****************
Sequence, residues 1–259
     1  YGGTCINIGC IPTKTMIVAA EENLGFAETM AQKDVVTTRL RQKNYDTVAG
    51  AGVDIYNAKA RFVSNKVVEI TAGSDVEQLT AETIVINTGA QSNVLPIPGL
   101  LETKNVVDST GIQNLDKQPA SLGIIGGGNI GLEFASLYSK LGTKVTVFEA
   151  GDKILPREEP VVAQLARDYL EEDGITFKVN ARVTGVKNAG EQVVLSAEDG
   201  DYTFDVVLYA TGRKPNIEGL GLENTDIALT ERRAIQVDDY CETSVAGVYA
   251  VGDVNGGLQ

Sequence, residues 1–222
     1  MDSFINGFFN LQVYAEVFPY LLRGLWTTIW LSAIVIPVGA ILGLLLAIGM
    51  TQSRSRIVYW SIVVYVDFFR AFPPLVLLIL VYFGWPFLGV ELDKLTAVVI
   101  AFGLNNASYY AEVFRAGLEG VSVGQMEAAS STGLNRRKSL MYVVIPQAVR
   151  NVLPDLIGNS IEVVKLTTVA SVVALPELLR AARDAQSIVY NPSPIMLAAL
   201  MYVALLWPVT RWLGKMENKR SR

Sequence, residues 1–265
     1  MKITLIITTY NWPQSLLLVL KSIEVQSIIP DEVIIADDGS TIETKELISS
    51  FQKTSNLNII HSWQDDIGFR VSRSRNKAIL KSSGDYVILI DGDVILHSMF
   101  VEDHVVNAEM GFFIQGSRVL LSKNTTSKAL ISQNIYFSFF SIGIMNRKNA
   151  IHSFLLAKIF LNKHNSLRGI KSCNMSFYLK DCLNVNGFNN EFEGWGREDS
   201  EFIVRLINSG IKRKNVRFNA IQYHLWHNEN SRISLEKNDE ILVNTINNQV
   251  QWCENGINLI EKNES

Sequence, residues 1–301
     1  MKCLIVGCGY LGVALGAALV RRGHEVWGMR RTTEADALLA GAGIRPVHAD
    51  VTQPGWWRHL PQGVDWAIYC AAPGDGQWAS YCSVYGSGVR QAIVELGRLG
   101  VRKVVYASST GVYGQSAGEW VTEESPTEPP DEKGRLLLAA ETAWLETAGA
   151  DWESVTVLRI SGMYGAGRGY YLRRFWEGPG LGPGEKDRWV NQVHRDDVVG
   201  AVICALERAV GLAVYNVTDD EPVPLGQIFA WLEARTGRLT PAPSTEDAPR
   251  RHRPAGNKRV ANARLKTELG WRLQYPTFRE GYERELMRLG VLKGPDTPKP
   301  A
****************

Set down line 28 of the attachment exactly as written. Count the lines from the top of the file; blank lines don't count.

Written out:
   301  A